Community Psychiatry’s Dr. Magavi was featured in Pop Sugar discussing Gender-Neutral Pronouns.
Finding your correct pronouns is an important milestone, but getting the rest of your family to use them can feel like a whole separate battle. Odds are, not everyone in your family shares the same values or perspectives, which can make the task of explaining gender-neutral pronouns feel daunting, especially when talking to older generations who grew up within a strict gender binary.
“Older relatives may hold unconscious biases regarding gender identity based on their own lifelong conditioning,” said Allison Forti, PhD, an associate teaching professor and associate director of the Department of Counseling Online Programs at Wake Forest University, adding that some relatives may view gender-neutral pronouns as a phase or a way of “trying on an identity” that doesn’t really reflect who you are. “Therefore, it takes education, conscious awareness, and reflection to understand gender identity in a new way,” Dr. Forti told POPSUGAR. “They may need help expanding their vocabulary and knowing when and how to use gender pronouns.”
Fortunately, there are some ways for you to help even the most traditional family members understand who you are and how they should refer to you, without having to endure disrespectful behavior or constant misgendering. If you feel ready to share your pronouns with your family members, read on for some expert-approved strategies to make the conversation a little bit easier. Because everyone deserves to have their identity validated and respected — especially by the people closest to them.
How Do I Start a Conversation With Family About My Pronouns?
When explaining gender-neutral pronouns to someone for the first time, Leela R. Magavi, MD, a Hopkins-trained adult, adolescent, and child psychiatrist and regional medical director for Community Psychiatry, said it’s a good idea to start with the basics. That means opening up the conversation by talking about what gender identity actually is, and how it may or may not align with a person’s sex at birth. When talking to older family members who aren’t familiar with gender-neutral pronouns, “it may be helpful to explain to them that some individuals struggle on a daily basis as they are uncertain about how they perceive their gender, and this affects their self-esteem and confidence level,” Dr. Magavi said. Covering this kind of information can make it easier for parents and grandparents to understand what pronouns actually are and why they matter.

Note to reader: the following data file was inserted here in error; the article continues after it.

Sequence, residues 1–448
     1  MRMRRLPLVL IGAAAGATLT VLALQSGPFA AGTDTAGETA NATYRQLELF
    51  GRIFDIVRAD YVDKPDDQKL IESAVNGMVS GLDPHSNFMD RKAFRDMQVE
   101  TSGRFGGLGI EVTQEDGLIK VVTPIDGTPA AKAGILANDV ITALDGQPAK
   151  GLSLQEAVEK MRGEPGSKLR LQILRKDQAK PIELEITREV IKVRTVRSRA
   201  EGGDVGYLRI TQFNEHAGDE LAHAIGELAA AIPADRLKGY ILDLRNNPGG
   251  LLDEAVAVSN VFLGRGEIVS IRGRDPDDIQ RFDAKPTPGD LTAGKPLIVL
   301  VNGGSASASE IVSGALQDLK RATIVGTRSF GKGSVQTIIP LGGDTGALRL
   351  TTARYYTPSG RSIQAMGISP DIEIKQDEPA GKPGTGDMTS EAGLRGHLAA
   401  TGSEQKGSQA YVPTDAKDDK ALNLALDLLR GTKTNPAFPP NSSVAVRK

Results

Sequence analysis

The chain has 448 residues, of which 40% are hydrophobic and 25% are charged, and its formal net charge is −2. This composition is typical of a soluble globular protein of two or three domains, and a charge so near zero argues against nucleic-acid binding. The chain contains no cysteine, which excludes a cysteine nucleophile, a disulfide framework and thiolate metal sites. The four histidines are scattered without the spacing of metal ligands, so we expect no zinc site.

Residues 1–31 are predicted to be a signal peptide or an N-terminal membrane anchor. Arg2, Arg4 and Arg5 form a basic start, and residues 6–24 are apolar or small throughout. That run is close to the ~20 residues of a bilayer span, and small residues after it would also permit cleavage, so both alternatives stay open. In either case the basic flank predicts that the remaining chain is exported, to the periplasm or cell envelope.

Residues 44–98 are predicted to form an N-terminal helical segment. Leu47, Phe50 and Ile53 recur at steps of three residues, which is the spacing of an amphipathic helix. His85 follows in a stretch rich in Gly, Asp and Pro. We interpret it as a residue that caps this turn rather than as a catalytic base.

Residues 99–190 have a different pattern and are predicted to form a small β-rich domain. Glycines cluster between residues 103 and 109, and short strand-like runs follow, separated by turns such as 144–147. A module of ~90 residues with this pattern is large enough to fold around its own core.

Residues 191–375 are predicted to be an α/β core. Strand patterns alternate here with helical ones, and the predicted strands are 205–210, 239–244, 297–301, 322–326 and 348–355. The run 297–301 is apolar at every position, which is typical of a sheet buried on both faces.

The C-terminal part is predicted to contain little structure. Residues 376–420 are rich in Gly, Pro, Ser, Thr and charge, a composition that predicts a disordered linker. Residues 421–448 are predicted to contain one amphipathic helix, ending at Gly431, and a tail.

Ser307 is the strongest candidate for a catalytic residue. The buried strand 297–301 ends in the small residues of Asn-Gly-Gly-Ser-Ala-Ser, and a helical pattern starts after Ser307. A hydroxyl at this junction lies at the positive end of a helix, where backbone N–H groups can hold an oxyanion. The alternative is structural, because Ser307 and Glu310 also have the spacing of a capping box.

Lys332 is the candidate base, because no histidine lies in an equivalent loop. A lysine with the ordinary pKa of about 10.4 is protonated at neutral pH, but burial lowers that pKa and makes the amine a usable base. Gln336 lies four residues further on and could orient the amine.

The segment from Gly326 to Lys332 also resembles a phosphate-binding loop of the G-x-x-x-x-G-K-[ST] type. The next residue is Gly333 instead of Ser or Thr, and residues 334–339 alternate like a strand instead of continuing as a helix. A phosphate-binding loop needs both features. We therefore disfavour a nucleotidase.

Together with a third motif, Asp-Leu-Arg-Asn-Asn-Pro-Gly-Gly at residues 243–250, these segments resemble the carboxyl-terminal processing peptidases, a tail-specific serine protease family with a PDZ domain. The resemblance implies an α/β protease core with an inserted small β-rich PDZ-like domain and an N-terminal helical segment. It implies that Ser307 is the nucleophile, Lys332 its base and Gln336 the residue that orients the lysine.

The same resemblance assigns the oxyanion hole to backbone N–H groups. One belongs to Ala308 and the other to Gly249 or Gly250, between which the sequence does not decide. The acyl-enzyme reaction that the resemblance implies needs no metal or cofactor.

If they can understand that, they may be more willing to put in the work and embrace your identity. To help them grasp the importance of pronouns, Cassandra LeClair, PhD, a professor at Texas State University whose courses focus on gender and family communication, suggests using concrete examples to communicate your point. You might say, “If someone repeatedly addresses you by the wrong name, it can feel dismissive and hurtful.” This might make the role of pronouns clearer to more traditional family members and help them realize how it feels when the incorrect pronouns are used. Dr. Magavi added that emphasizing the benefits of correct pronoun usage could also be an effective talking point. “Relaying that use of the right pronoun could potentially prevent the emergence of depression and anxiety may encourage reluctant grandparents to modify their stance,” Dr. Magavi explained. Whatever details you decide to include, letting your family know why pronouns are important to you can help move the conversation in a positive direction.
It’s beneficial to use assertive language throughout conversations like these. Dr. Forti suggests using phrases like, “I would like you to use they/their/theirs as my pronouns. I feel respected when you use my correct pronouns and this helps me feel close to you,” to express how you feel and emphasize that you and your identity matter. “Using correct pronouns validates one’s identity. It communicates respect, safety, trustworthiness, and a sense of belonging and mattering,” she said.
Remember that leading with patience and compassion is also important, but you don’t need to sacrifice who you are just to keep the peace. “Realize this may be hard for [family members], and they may need help learning a new way of thinking and relating to you, but do not back down from expecting them to treat you with dignity,” Dr. Forti said. If you’re having a hard time getting through to your family at first, she suggests sending them some helpful resources, like readings and videos, which can allow them to process new information more privately.
Click here to read the entire article on Pop Sugar.